Jenny Farrell reviews Provenance, by Kate Thompson
As Elliot Fielding struggles in an Australian hospital to piece together his fragmented memory following serious head injury, the reader embarks with him on the road to make sense of his life before. The narrative delves into the realities of Aboriginal life, through the fictional Warlpiri community in the central Australian Tanami desert, and indigenous art.
Elliot, through whose lens this world unfolds, is an English doctor, come to work in the remote community, inspired by a previous visit to the red sands of the desert. With little knowledge of this society, he takes up a post in a medical centre for Aboriginal people, and complications unfold the more involved he becomes in the lives of his patients.
The Western reader expects to encounter alcoholism, mental illness and other manifestations of indigenous cultures being robbed of their land, culture, and livelihood by colonial ‘civilisation’. Kate Thompson, however, focuses primarily on Aboriginal art as the language of the native Australians. It is apparent from this fascinating novel that she has personal knowledge of her subject.
Sensitive to the realities of the indigenous people, the author never wholly departs from the Western outsider point of view of Elliot, never attempts to speak as an Aboriginal. Choosing a character who slowly learns something of the native Australians’ lives, and later their art, allows her to express a growing understanding of their culture. And over time, his patients learn to trust Elliot, as a Westerner, while never admitting him fully into their lives.
‘I thought you didn’t mind people seeing your culture. I thought you liked sharing it with the whitefellas.’ ‘Some parts we don’t mind,’ Doris said. ‘But that little dance we do for people, over there in the town sometimes, special times, that one not our culture, not proper one, Same with those paintings. They are just one little bit, one story. That’s like you read one page out of the Bible and think that is your whole law.’
Elliot’s central assignment in the novel is to sell some paintings by an elderly artist, Doris Banks, who asks him for a Toyota in return. In this request, the clash between capitalist and pre-capitalist society is highlighted; money in native Australian communities is something shared across the community, and cars are also common property. The Toyota is needed to manage distances: ‘We don’t need much. (…) Little bit of fence around the back and that side. Make it safe, for women dancing, you know? And one Toyota.’.
The art market for Aboriginal paintings is shown to be diverse, ranging from centres that facilitate artists, to ‘carpetbaggers’ who go into the desert to acquire artwork directly at a fraction of the price they then sell them for. And while Doris Banks’ request that Elliot sells her paintings for her feels natural to her, this is totally unacceptable to the white art dealers.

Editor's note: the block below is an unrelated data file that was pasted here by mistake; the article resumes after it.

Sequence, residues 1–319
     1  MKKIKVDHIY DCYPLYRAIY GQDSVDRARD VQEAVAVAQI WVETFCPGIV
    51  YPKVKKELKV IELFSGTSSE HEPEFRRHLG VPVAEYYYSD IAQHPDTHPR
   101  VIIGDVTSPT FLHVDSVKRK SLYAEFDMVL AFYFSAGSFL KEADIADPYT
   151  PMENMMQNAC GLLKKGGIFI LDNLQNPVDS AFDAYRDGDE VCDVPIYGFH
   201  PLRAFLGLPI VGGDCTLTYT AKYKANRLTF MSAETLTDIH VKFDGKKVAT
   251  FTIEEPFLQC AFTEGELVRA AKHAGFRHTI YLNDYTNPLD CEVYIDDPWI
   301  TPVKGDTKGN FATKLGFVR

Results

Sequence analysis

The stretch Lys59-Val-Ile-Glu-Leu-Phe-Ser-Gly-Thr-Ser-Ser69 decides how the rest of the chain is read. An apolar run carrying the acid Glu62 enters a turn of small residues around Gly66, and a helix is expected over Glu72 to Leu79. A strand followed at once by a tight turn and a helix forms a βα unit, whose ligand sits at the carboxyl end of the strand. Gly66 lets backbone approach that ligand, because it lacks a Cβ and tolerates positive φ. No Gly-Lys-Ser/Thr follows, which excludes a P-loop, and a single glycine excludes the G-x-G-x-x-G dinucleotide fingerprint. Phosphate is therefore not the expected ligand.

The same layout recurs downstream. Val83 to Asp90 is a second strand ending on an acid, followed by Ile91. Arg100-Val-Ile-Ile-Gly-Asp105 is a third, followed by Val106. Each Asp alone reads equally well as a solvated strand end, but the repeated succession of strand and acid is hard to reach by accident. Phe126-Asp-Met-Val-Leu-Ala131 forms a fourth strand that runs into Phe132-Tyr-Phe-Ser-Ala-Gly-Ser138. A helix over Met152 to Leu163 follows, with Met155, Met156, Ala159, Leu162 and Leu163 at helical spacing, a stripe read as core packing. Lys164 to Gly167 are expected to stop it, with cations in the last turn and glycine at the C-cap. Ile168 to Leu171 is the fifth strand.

The continuing exploitation of the indigenous artists is an important theme in the novel, reflected in its title Provenance “what makes the same painting worth three figures in your bit of plastic pipe, and five figures in someone else’s bit of plastic pipe.” Provenance, the record of ownership, also refers to something’s origin, a close semantic connection with indigene. The fact that these art dealers supply the provenance, reinforces the theme of resistance in the novel to the notion, that “white people were the ones who knew what was best for Aboriginal people.”
Thompson does not idealise the realities of Aboriginal society. This is no pastoral, the native Australians we encounter are not ‘noble savages’. More clearly, we are shown Western incomprehension of worlds beyond their immediate experience. Having travelled into the desert with the native Australians under the guidance of Luke on a visit to a significant site to fulfil obligations, Elliot exclaims, “What were you thinking of, bringing us out here into the middle of nowhere?” Luke gives him the answer he deserves “this place is not nowhere to me.” and Eliot understands in one of his many dreams “that old tree is deeper than it is high and that its roots stretch far down into a time that is governed by a set of elementals he will never comprehend.”
How much of the language of the landscape, its beauty, and native culture is expressed in indigenous painting, is a growing realisation for Elliot and the reader.
Kate Thompson is an award-winning writer. The daughter of the social historians and peace activists Dorothy and E. P. Thompson, her books always display an awareness of social injustice and the manipulations of the powerful. This novel and her other books also reveal and side with people’s resistance against inequality.
Jenny Farrell is a lecturer, writer and an Associate Editor of Culture Matters.